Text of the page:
Thursday

30th Mar 2017

Focus

Controversial author praises German anti-euro party

  • Thilo Sarrazin stays with the Social-Democratic Party despite all criticism (Photo: Valentina Pop)

Thilo Sarrazin is an unusual politician. A member of the German Social Democrats since 1974, he became a household name in 2010 after publishing his best-selling "Deutschland schafft sich ab" (Germany is doing away with itself) - a controversial book about the impact of Muslim migration on his ageing country.

Sarrazin is no fan of political correctness, he prefers the term "virtue terror."

Dear EUobserver reader

Subscribe now for unrestricted access to EUobserver.

Sign up for 30 days' free trial, no obligation. Full subscription only 15 € / month or 150 € / year.

  1. Unlimited access on desktop and mobile
  2. All premium articles, analysis, commentary and investigations
  3. EUobserver archives

EUobserver is the only independent news media covering EU affairs in Brussels and all 28 member states.

♡ We value your support.

If you already have an account click here to login.

"I am not incorrect, politically or of any other sort, I am a very correct person," Sarrazin said Monday (24 February) when launching his latest book: "The new virtue terror."

The book is an attack on political correctness and the idea - strongly defended by his own party - that all people are equal.

Whether it is railing against the euro (he wrote an anti-euro book in 2012) or limiting migration to highly educated people, Sarrazin is closer in his ideology to the newly-founded Alternative fuer Deutschland (AfD), a party that almost made it into the Bundestag and is slated to enter the European Parliament after the 25 May elections.

"The economic competence in the AfD is bigger than in the leadership of the SPD, CDU and CSU combined," Sarrazin said at the press conference.

A former member of the Bundesbank board, his views on the economy and the euro are as hawkish as those of the AfD leadership.

Pressed on the question of joining the new party, Sarrazin said he still feels "at home" in the SPD and that he prefers a party which is not a "single-issue party" like the euro-critical AfD.

But the AfD recently has expanded to other issues, notably "welfare tourism" and migration. At a party congress on 22-23 March, AfD members are set to approve the party's programme for the EU elections. It is on this occasion that the party is likely to formally expand its platform from calling for a break-up of the single currency to other topics.

The success of Sarrazin's book, as well as the unexpected result of the AfD less than a year after it was officially launched, reflect a growing frustration among German voters with the establishment and its discourse on the euro-crisis and migration.

Sensitive to societal shifts, Chancellor Merkel has already fine-tuned her rhetoric and allowed more political room to her Bavarian partners, the CSU, who are now campaigning on abolishing "welfare tourism."

German eurosceptics on the rise ahead of EU elections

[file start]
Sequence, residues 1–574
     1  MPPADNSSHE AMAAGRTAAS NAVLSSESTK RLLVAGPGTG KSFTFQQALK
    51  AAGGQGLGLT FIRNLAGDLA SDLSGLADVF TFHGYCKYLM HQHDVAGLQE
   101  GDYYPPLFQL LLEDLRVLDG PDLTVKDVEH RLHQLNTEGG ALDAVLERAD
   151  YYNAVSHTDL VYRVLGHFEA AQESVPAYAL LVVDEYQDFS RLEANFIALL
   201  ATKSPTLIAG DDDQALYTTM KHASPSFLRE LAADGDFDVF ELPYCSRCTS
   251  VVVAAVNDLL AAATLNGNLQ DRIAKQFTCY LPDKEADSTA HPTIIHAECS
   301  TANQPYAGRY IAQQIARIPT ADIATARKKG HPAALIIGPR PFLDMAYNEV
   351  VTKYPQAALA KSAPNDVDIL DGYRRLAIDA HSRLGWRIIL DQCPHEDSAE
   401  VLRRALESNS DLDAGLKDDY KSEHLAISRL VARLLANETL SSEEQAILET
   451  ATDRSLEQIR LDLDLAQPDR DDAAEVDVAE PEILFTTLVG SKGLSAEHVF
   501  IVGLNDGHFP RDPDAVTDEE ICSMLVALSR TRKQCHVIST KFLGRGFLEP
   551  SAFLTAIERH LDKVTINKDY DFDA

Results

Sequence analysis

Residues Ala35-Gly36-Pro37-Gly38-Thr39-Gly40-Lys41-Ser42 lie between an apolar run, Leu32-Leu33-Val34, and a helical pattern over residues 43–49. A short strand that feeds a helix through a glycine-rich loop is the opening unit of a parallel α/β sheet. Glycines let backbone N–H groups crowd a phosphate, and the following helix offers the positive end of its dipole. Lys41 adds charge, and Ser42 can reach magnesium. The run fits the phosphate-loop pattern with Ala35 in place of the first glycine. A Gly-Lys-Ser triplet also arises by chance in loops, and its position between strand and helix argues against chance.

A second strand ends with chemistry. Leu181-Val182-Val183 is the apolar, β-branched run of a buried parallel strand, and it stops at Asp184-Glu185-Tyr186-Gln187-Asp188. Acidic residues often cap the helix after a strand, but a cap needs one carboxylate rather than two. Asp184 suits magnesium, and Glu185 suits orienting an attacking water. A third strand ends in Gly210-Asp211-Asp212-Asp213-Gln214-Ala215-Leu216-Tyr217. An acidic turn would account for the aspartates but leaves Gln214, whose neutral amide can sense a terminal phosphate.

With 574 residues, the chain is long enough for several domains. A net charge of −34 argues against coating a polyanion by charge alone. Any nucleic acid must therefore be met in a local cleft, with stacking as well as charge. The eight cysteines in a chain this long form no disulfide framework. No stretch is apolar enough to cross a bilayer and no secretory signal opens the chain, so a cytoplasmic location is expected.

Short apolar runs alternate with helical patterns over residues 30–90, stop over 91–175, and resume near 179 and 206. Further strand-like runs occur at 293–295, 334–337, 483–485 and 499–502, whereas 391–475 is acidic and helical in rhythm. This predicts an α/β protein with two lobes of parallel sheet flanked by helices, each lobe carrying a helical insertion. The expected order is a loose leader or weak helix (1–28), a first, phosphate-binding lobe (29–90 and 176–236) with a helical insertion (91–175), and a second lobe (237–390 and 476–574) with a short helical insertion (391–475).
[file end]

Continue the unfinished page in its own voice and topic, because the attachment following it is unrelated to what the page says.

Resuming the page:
Anti-euro and anti-immigrant sentiment is shaping the EU election campaign in Germany, with a newcomer party that promises an "alternative" to the single currency set to enter the European Parliament.

EUobserved

When two worlds collide

Two worlds collided at the end of last week. The shrill, uncompromising one of British politics and the technocratic, dry, world of the European Commission.

EUobserved

Schadenfreude and fire-walking in the EP

There was outright glee in the EP on Thursday. It was time to dust off everyone’s favourite German word for pleasure in the misfortune of others.

EU parliament approves Juncker commission

MEPs have approved Juncker's new EU commission, with a slightly smaller majority than in 2010, and following a number of concessions on portfolios.

News in Brief

  1. UK publishes 'Great Repeal Bill' plan to replace EU laws
  2. Scots share May's vision for Brexit deal, survey says
  3. Coalition talks leader expects Dutch government by summer
  4. EU commission allows ex-member Hill to join law firm
  5. Reuters: Greece and lenders move closer to deal
  6. Italy: Le Pen win would mean 'permanent political risk'
  7. Danish parliament misinformed on Nord Stream 1
  8. UK delivered its Article 50 letter to the EU

Stakeholders' Highlights

  1. Malta EU 2017Green Light Given for New EU Regulation to Bolster External Border Checks
  2. The Idealist QuarterlyCan Progressive Stories Survive Our Post-Truth Era? After-Work Discussion on 6 April
  3. ACCAG20 Citizens Want 'Big Picture' Tax Policymaking, According to Global Survey
  4. Belgrade Security ForumCall for Papers: European Union as a Global Crisis Manager - Deadline 30 April
  5. European Gaming & Betting Association60 Years Rome Treaty – 60 Years Building an Internal Market
  6. Malta EU 2017New EU Rules to Prevent Terrorism and Give More Rights to Victims Approved
  7. European Jewish Congress"Extremists Still Have Ability and Motivation to Murder in Europe" Says EJC President
  8. European Gaming & Betting AssociationAudiovisual Media Services Directive to Exclude Minors from Gambling Ads
  9. ILGA-EuropeTime for a Reality Check on International Day for the Elimination of Racial Discrimination
  10. UNICEFHuman Cost to Refugee and Migrant Children Mounts Up One Year After EU-Turkey Deal
  11. Malta EU 2017Council Adopts New Rules to Improve Safety of Medical Devices
  12. Nordic Council of MinistersNordic Energy Research: How to Reach 100 Percent Renewable Energy